AM OLAM , Russian Jewish society formed to establish agricultural colonies in the United States. The organization took its name from Perez *Smolenskin's famous Hebrew essay "Am Olam, ("The Eternal People"), and was founded in Odessa in 1881 by two young utopian idealists, Mania Bakl and Moses Herder, who called for the settling of Jews on the land in America in the form of socialist communes. Coming at a time of rising Jewish emigration and interest in national and social renewal such as motivated the Bilu movement as well, their appeal fell on fertile ground and Am Olam chapters were quickly formed in a number of Russian cities. The first contingent of 70 Jewish craftsmen, artisans, and students left for America from Yelizavetgrad in the spring of 1881 and was followed in 1881–82 by additional groups totaling several hundred people from Kiev, Kremenchug, Vilna, and Odessa. Many of the immigrants never proceeded beyond New York, where they eventually drifted apart, but four colonies were ultimately established. The first of these, consisting of 32 families led by Herman *Rosenthal, settled on over 1,000 acres at Sicily Island, Louisiana, in the spring of 1882 but was soon forced to abandon the site as a result of a disastrous Mississippi River flood. Twelve of these families then went with Rosenthal to South Dakota, where they founded a second colony called "Crimea" in September 1882. Another settlement, "Bethlehem of Judea," was established the same year a few miles away. Both lasted until 1885, when debt and other difficulties led to their liquidation.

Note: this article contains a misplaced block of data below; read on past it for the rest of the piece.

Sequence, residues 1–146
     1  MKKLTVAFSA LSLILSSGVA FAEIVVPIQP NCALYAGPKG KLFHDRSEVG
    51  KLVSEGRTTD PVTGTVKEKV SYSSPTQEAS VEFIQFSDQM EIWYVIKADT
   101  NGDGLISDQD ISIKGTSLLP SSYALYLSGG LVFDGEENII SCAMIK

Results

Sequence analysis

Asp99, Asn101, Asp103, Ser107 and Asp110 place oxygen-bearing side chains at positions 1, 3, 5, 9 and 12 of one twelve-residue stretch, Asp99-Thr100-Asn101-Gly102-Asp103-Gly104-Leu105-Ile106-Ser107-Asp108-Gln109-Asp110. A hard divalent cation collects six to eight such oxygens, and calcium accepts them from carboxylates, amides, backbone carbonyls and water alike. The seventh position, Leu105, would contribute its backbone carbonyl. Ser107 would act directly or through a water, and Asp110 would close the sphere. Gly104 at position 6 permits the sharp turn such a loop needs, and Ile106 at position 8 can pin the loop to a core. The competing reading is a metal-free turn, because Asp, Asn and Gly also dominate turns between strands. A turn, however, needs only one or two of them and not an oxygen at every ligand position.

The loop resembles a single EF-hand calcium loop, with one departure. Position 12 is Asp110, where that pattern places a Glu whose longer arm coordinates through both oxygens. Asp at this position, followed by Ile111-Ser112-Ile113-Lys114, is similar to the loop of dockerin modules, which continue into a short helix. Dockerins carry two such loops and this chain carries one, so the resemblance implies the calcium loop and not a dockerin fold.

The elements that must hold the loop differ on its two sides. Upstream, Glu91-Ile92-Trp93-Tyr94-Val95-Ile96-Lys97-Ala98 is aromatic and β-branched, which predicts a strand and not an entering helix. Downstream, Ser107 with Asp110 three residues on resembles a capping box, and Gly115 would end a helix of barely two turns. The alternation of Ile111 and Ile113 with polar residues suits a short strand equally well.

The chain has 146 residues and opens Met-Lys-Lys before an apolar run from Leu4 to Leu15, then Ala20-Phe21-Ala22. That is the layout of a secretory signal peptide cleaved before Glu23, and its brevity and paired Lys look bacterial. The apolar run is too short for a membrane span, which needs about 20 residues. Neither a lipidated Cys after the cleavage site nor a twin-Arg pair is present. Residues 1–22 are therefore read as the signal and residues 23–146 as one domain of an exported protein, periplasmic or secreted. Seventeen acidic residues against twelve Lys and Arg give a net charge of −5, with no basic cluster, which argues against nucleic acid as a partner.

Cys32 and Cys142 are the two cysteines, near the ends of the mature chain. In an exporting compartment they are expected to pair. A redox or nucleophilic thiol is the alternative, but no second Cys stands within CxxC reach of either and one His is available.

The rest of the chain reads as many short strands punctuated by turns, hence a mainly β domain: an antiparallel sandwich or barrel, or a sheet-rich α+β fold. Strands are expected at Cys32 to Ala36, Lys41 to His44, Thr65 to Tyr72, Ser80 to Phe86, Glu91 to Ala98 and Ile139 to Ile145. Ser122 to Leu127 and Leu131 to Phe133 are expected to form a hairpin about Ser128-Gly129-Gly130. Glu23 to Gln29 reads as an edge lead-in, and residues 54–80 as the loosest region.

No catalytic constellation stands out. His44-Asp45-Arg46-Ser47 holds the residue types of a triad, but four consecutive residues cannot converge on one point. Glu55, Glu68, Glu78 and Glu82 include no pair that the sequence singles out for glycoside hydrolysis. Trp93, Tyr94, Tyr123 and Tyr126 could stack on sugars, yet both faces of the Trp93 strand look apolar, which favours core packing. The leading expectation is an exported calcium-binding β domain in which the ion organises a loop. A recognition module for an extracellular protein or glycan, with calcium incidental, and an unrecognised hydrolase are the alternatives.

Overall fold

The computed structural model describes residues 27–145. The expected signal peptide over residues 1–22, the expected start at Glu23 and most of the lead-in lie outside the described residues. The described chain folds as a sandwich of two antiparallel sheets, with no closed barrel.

The longest-lived of the Am Olam colonies, as well as the most intensely communistic, "New Odessa," was established by some 70 persons near Portland, Oregon, in 1882. Led by the socialist Pavel Kaplan and the non-Jewish disciple of Comte's "religion of humanity," William Frey, the settlement flourished for a while until internal bickering and demoralization set in, bringing about its demise in 1887. Some of the survivors, led by Kaplan, sought to reorganize as an urban commune, first in San Francisco and then in New York, but by 1890 they too had disbanded and the last vestiges of Am Olam had ceased to exist. Many of its former members, however, continued to play an active role as individuals within New York's Jewish socialist community.
A. Menes, in: A. Tcherikover, Geshikhte fun der Yidisher Arbeter-Bavegung in di Fareynikte Shtaten, 2 (1945), 203–38; A. Litvin, in: Yidisher Kemfer (Dec. 6, 1935); A. Cahan, Bleter fun Mayn Lebn, 2 (1926), 115–8 (on Mania Bakl), 157–8 (on Pavel Kaplan), 84–87, 123–8 (on William Frey), 296–305 (on New Odessa).